DBS Bank's Chief Executive Officer (CEO) Piyush Gupta expounded on his work philosophy and the importance of taking accountability as a leader in an episode of CNA's podcast series "The Leader's Chair".
"The buck stops here"
When asked on the challenges of being a CEO, especially in light of the recent DBS app disruptions, Gupta highlighted the importance of a leader stepping up to take responsibility.
He shared that he is a big believer in the phrase popularised by former U.S. president Harry Truman: "The buck stops here".
Truman kept a sign with the phrase on his desk as well.
"... At the end of the day, the buck stops with you," Gupta said.
Gupta explained that whether the problem lies with a third party or an errant employee — the islandwide disruption in May was due to "human error in coding the programme" — as far the customer is concerned, "I'm the CEO of the bank, so I've got to fix it".
"I tell young kids, when people are looking for what it takes to be a leader, I tell them individual accountability is the first thing I look for."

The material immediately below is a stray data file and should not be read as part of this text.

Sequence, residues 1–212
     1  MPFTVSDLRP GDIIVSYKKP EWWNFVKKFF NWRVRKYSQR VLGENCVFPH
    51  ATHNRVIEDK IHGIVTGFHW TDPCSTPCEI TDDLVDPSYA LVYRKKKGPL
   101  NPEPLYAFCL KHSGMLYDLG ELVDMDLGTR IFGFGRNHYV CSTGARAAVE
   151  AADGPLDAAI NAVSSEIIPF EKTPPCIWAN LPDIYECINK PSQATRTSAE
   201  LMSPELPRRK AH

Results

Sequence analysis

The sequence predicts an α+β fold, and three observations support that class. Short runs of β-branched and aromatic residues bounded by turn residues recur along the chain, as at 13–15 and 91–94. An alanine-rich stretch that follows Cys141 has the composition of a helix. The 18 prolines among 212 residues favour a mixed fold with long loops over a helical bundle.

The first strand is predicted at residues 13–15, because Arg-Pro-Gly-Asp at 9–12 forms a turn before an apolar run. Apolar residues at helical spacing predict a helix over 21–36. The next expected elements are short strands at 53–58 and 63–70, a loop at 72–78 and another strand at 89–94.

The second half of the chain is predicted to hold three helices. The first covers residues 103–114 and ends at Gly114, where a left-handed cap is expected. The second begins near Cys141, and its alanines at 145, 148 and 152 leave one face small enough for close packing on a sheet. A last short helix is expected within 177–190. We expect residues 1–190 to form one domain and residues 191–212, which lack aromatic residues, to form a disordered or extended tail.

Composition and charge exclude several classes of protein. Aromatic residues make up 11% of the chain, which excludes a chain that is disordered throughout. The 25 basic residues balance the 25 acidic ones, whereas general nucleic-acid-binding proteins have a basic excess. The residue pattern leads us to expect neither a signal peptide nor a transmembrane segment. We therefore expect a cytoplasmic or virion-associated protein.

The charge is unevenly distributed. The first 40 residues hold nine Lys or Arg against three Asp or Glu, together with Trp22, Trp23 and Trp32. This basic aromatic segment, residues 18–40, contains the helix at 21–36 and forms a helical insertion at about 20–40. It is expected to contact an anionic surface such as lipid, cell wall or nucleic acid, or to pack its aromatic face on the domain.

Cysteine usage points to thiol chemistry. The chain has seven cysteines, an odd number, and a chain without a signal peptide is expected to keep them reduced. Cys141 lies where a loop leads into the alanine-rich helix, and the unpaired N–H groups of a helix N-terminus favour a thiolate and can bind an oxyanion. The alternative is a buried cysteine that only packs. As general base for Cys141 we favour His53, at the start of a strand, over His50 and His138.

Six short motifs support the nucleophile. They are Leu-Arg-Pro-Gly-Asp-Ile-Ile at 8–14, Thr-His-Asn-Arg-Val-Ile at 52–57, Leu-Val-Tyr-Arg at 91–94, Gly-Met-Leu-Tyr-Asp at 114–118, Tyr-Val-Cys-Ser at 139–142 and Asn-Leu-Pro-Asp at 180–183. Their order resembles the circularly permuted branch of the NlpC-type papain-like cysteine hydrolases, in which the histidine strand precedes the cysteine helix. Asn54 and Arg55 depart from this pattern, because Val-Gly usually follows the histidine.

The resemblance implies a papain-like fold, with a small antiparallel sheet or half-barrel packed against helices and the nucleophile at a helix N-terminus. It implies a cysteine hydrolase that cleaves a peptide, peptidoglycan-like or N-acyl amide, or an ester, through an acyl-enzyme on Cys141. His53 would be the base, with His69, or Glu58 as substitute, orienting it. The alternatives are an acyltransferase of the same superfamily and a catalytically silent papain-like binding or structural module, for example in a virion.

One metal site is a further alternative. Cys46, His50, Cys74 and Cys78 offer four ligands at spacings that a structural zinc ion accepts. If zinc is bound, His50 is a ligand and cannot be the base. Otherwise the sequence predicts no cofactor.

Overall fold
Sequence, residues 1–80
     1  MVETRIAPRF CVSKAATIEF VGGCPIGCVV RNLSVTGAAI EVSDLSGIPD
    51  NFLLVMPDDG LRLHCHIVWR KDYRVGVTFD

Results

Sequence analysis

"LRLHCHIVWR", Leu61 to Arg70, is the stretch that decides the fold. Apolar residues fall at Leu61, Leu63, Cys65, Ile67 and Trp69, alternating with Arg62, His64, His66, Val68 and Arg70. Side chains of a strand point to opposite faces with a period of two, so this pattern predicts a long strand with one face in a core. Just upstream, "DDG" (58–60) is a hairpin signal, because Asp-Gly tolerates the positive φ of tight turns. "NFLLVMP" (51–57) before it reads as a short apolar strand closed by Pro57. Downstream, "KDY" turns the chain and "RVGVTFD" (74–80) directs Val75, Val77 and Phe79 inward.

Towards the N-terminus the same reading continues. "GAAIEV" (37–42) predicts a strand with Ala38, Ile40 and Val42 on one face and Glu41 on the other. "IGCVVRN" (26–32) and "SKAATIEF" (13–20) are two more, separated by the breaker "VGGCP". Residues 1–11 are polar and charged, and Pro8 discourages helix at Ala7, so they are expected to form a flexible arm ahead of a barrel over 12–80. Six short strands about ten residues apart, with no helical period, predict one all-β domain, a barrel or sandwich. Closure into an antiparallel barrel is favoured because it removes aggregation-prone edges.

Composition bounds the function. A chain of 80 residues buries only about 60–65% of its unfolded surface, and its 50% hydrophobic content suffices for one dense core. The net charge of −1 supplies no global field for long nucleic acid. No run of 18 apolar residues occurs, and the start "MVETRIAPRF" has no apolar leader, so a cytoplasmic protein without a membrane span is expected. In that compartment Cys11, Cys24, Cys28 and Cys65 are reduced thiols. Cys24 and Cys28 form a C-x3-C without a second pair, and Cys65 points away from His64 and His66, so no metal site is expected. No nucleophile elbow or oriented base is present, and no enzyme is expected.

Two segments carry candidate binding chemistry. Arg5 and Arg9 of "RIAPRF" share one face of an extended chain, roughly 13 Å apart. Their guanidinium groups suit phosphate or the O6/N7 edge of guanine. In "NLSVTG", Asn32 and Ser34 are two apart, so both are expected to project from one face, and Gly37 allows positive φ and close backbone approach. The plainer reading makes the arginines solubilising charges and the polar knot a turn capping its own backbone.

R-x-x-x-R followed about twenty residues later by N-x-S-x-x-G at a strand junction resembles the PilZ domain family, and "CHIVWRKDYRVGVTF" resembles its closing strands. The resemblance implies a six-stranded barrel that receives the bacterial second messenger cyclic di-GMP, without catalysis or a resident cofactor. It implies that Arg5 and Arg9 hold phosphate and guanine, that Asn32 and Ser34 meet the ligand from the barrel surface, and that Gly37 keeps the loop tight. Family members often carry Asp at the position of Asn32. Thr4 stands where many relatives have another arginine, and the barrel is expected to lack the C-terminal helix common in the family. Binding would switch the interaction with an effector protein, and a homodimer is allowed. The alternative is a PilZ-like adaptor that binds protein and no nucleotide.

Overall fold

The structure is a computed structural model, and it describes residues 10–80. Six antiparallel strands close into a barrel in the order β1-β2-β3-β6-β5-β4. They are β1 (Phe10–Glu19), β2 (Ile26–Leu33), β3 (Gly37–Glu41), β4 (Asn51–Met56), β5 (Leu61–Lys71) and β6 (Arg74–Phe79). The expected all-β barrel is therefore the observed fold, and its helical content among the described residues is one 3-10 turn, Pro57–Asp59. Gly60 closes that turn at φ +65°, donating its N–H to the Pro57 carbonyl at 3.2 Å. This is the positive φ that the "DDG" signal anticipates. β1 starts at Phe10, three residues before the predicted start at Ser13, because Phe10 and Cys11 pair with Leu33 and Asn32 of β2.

Providing air cover
One of the hardest challenges when it comes to leadership is maintaining the balance between making sure people take accountability, and providing "air cover" to one's team, Gupta said.
In the leadership context, providing air cover refers to defending one's teams from external pressures and potential negative consequences, while giving them the support they need to get through a tough period.
Gupta noted that many companies have a "blame culture", which could lead to negative outcomes as "it makes people fearful".
On work-life balance
CNA podcast co-host Crispina Robert followed up with a question:
"When something happens and then you get scolded for it or whatever, you get taken to task for it, and then the person says 'It's work, it's not personal'. But I always feel like it's always personal because work is such an important part of your life."
Gupta agreed, replying that with the amount of time one spends working, "your friends are there, your colleagues are there, your impact is there, your growth is there, your income is there".
"How do you divorce that from life?"
This ties in with Gupta's belief that there is no such thing as work-life balance.
He described it as "all baloney", but went on to explain that "it's not because [he] want[s] people to work all the time".
"It's just that I believe that work is a part of life," he concluded.
Top photo from Piyush Gupta / LinkedIn